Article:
The following interview was conducted with an adult child of divorce who is now part of a blended family.
This person is not a client but in order to protect their privacy, all identifying information will be kept confidential. They have read the entirety of this article and consent to its publication.
Here’s the interview:
So today we’re having a conversation about being an adult child of divorce and being part of a blended family. Why does this topic apply to you?My parents separated and then divorced when I was 16 and both got remarried within the next 4 years. Now I’m an adult child of divorced parents and we have since then have formed this giant blended family. But it’s actually more like two giant families – my step-dad’s kids and my step-mom’s kids. So I get to practice blending… twice.
So how many siblings do you have?
Youngest of three biological siblings in my nuclear family. Older brother and sister. Mom married a man with two sons around my age. My dad remarried a woman with three younger kids. All together that makes eight.
What’s it like for you to answer the sibling questions?
Didn’t feel like siblings at first but now we’re about seven years down the road and they really do feel like my family.
What was it like when your parents remarried?
My dad’s marriage came at a time when I was still feeling pretty blurry from all of this. I remember feeling a lot of things but not having vocabulary or space to put words to what I was feeling.
Looking back, I now know that I was in a numb phase of shock. But I don’t have a ton of memories of that wedding or that first year of marriage.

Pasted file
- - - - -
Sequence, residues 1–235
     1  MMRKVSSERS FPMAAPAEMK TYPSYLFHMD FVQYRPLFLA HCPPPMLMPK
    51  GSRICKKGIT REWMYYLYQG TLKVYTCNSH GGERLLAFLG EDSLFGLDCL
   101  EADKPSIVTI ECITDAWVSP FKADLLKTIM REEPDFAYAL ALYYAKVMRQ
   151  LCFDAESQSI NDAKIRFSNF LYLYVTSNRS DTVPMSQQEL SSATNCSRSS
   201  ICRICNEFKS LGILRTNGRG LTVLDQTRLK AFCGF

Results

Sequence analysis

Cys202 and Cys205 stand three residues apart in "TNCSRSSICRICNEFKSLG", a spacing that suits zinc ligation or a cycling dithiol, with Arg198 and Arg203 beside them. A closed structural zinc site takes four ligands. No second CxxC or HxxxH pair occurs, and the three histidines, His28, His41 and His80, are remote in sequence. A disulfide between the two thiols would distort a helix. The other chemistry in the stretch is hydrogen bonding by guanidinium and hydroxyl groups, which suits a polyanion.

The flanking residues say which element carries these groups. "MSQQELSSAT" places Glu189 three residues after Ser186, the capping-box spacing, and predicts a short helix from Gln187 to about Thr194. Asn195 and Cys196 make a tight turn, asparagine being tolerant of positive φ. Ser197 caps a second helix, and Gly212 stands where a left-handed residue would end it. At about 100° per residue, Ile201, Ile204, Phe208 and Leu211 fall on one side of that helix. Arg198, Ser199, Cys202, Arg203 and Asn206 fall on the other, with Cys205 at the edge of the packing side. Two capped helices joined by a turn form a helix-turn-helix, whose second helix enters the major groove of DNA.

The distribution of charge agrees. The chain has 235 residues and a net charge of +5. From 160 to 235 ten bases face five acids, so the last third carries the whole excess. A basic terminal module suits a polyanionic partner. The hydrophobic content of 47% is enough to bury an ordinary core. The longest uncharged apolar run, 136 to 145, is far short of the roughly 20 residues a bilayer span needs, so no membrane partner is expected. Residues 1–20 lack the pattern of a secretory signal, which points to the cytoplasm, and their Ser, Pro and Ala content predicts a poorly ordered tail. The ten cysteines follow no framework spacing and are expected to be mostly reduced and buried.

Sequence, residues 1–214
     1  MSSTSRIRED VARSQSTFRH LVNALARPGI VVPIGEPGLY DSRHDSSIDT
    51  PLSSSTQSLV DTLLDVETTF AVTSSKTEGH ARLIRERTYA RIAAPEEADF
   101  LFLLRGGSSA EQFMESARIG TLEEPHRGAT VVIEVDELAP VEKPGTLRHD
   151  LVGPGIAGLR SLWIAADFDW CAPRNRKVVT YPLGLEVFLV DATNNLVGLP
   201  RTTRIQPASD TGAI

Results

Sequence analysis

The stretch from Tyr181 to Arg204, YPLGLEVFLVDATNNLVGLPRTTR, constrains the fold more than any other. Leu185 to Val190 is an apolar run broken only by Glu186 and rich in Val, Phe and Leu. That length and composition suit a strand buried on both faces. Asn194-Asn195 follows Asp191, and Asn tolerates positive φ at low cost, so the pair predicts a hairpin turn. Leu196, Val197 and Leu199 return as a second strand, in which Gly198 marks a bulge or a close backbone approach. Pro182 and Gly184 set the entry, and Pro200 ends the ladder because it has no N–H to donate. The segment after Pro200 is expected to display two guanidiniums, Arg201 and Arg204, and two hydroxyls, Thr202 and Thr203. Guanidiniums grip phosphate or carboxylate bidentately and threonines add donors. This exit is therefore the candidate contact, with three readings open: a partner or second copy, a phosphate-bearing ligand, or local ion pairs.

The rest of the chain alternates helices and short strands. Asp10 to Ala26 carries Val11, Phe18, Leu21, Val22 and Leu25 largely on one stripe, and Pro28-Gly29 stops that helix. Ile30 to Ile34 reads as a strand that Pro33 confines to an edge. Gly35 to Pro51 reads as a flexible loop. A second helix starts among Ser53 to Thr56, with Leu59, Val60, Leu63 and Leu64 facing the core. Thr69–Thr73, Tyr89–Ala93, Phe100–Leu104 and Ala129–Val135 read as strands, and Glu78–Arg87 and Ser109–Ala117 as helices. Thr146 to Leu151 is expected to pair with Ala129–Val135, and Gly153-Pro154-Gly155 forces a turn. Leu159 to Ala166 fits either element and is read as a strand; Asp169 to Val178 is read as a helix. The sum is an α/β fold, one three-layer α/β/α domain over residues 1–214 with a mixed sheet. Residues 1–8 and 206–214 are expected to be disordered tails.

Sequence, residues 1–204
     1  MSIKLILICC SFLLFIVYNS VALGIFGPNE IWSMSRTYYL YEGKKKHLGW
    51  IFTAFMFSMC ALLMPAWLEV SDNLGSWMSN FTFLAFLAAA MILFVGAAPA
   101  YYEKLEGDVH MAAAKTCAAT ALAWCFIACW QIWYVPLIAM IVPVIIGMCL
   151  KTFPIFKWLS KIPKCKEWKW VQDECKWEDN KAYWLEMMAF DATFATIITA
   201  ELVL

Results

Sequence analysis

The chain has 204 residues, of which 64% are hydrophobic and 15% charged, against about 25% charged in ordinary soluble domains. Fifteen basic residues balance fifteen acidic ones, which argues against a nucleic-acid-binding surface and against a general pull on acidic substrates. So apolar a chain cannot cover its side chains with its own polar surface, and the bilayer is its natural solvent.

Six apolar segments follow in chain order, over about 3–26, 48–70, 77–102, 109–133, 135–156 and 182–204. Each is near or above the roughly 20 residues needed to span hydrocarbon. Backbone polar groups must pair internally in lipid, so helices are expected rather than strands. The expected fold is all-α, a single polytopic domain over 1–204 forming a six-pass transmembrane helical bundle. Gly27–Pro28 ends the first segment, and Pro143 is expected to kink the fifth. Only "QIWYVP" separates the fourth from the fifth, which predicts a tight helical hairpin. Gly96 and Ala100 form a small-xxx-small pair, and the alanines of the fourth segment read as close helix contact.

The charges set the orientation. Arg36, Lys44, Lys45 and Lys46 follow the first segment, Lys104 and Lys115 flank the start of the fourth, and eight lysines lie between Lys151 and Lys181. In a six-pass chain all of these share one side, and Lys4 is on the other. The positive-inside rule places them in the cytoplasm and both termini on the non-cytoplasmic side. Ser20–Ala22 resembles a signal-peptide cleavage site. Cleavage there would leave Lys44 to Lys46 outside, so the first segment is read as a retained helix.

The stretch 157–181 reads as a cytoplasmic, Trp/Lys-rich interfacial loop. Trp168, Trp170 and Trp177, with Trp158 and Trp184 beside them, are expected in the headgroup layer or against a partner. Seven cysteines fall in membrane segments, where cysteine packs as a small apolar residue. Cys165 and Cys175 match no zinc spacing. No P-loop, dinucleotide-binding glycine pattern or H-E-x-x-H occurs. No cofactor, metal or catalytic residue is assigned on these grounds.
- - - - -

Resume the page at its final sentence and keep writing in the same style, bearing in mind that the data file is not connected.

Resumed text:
My mom’s wedding, I remember a little bit more. I remember feeling a sense of relief because it felt like the last transition in the midst of a lot of change. It felt like the last big thing and then things could settle out and could develop their own norm.
How would you describe the time before your parents remarried?
Shocking, for many reasons. And there wasn’t a norm. I was always bracing myself for the next change or the next shock to the system. But in other ways, nothing was shocking because I was like this big pillow of shock absorption at this point <laughter>.
What do you mean by that?
You could’ve told me that half of the earth had broken off and I would’ve been pretty subtle about my reaction. Felt really unfazed by most things.
When did you feel like you weren’t in that unfazed state?
Well, I think it has a lasting effect on the way that I interpret change now. Nothing has the same gravity as that did. I began to process the divorce and the change in later years, probably during my college years.
What prompted that processing?